The Maid’s Brothers in the Air (Weekly Links)

Clooney in a locked and upright position

Reviews I wrote for the Herald this week.

Up in the Air. (dead link; review below)

By Robert Horton

You don’t usually think of a scene with two strangers comparing their frequent-flyer awards cards as a seduction. But “Up in the Air” is full of out-of-the-blue twists on what we expect from a movie.

One of the frequent flyers is our main character, Ryan Bingham (impeccably embodied by George Clooney). His peculiar job is flying from city to city in order to fire people.

That’s right: his company is hired by other companies to conduct layoffs. He sits across from workers, fires them, hands them a helpful information packet, and goes on his way.

Bingham has gotten acclimated to living on an airplane, in hotel rooms, in office buildings. His company is based on Omaha, but he spends only a month or so there annually, preferring the weightless, responsibility-free life he sometimes lectures about.

A couple of things break his gliding pattern. His boss (Jason Bateman) announces the company is about to switch from in-person firings to remote work. Bingham is supposed to hit the flightpaths one last time, accompanied by the hotshot (Anna Kendrick) organizing the switchover.

Also, Bingham has met his match, in a fellow traveler (Vera Farmiga, late of “Orphan”) who crisscrosses the nation’s airports in a similar way. She’s just right for his no-baggage approach to life…until he has doubts.

“Up in the Air” is based on a novel by Walter Kirn, adapted by Sheldon Turner and director Jason Reitman. It’s an ingenious idea, beautifully cast, with a wry sense of humor about itself.

The movie’s theme, of a superficial man whose philosophy of life is all too neatly worked out, is easy to grasp. But Reitman doesn’t necessarily follow the story down the expected paths, and he veers off nicely just as you think you’ve got things figured out.

Also, the film is enormously amusing from scene to scene. Clooney and Farmiga navigate the flirtation with great charm, and Anna Kendrick is terrific in her most prominent role to date (she’s a supporting player in the “Twilight” movies and made a great impression on “Rocket Science”). She has the rare ability to be brittle and vulnerable within the same shot.

Reitman’s first features, “Juno” and “Thank You for Smoking,” were well-received, but somehow too easy—it’s no trick staying afloat in the shallow end of the pool. “Up in the Air” is a graduation of sorts, definitely qualifying for bonus miles.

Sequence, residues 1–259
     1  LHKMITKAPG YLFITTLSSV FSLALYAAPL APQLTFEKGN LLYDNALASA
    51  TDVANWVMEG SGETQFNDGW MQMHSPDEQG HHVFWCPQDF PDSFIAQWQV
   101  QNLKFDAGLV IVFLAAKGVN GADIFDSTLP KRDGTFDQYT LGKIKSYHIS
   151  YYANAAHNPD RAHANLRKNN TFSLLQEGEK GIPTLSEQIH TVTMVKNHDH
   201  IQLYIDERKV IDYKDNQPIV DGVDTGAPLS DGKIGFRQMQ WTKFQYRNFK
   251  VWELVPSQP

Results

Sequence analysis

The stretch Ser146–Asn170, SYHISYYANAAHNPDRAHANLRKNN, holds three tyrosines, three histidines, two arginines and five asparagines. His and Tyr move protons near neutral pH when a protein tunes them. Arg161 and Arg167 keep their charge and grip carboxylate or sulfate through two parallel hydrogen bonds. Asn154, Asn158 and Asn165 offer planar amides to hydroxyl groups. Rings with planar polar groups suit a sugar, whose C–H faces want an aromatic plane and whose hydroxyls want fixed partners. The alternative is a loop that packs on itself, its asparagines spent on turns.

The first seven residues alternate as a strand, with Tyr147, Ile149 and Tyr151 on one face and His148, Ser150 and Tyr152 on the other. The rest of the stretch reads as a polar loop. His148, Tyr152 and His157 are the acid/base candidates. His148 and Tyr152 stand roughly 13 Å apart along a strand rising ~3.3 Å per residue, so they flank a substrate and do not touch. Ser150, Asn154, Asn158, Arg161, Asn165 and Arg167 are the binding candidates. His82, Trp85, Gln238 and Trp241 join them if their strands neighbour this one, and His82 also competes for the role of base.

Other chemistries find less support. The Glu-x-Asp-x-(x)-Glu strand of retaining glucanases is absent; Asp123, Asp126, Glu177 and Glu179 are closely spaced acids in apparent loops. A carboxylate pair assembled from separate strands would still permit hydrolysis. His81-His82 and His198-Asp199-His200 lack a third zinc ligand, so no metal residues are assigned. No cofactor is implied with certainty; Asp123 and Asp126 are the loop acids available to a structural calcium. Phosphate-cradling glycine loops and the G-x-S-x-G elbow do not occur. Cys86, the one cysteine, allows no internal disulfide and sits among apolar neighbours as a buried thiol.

Everybody’s Fine. “Festive it ain’t.”

The Maid. (dead link; review below)

By Robert Horton

Why does watching the new Chilean film “The Maid” provoke such an unusual combination of amusement and anxiety? Maybe because director Sebastian Silva and his lead actress, Catalina Saavedra, are completely poker-faced about their intentions.

We are in an upper-middle-class home in Santiago, Chile, where Raquel (Saavedra) works as the live-in made to the Valdez family. She’s been with the family 20 years and turns 41 as the film begins. She might be cracking.

Suffering from mysterious fainting spells and increasingly cranky, Raquel clearly needs assistance. But when Mrs. Valdez (Claudia Celedon) tries to hire some part-time kitchen help, Raquel goes out of her way to sabotage the intruders.

For much of the film, we study the clues and wonder when something awful is going to happen. Raquel dotes on an adolescent Valdez son, but is weirdly hostile to his older sister. And the tricks she plays on the other maids border on the sadistic.

But then comes the new maid, Lucy (strapping, bespectacled Mariana Loyola), whose cheerful approach to life is almost as bizarre as Raquel’s sourpuss attitude. The difference between these two personalities is what takes the film into the pleasurable surprises of its final third.

At that point, I no longer had any idea what kind of movie this was. But I was happy to watch something that was no only unpredictable, but actually messing with my expectations about what was coming.

Silva shoots the film in a handheld, grungy style that makes you feel you’re right in the middle of this off-kilter domestic comedy. Apparently he based the story on his own upbringing, which accounts for the telling details and how they reveal character: Mr. Valdez and his hobby of making model ships (a classic father’s excuse for avoiding his family), for instance, says a lot about the family dynamic.

Although Saavedra’s dowdy performance communicates a lot, we are not told why Raquel is the way she is. But this is just right: we can infer that her hostility comes from the years of servitude, or perhaps from her own self-imposed oddness. “The Maid” itself looks dowdy, too. Looks can be deceiving, as this movie proves almost every minute it’s onscreen.

La Danse. “The greatest concentration is on dancers dancing, and this is superb.”

Brothers. “An extra air of lost youth to the story.”

The Strip. “Warmed-over jokes and offkey timing.”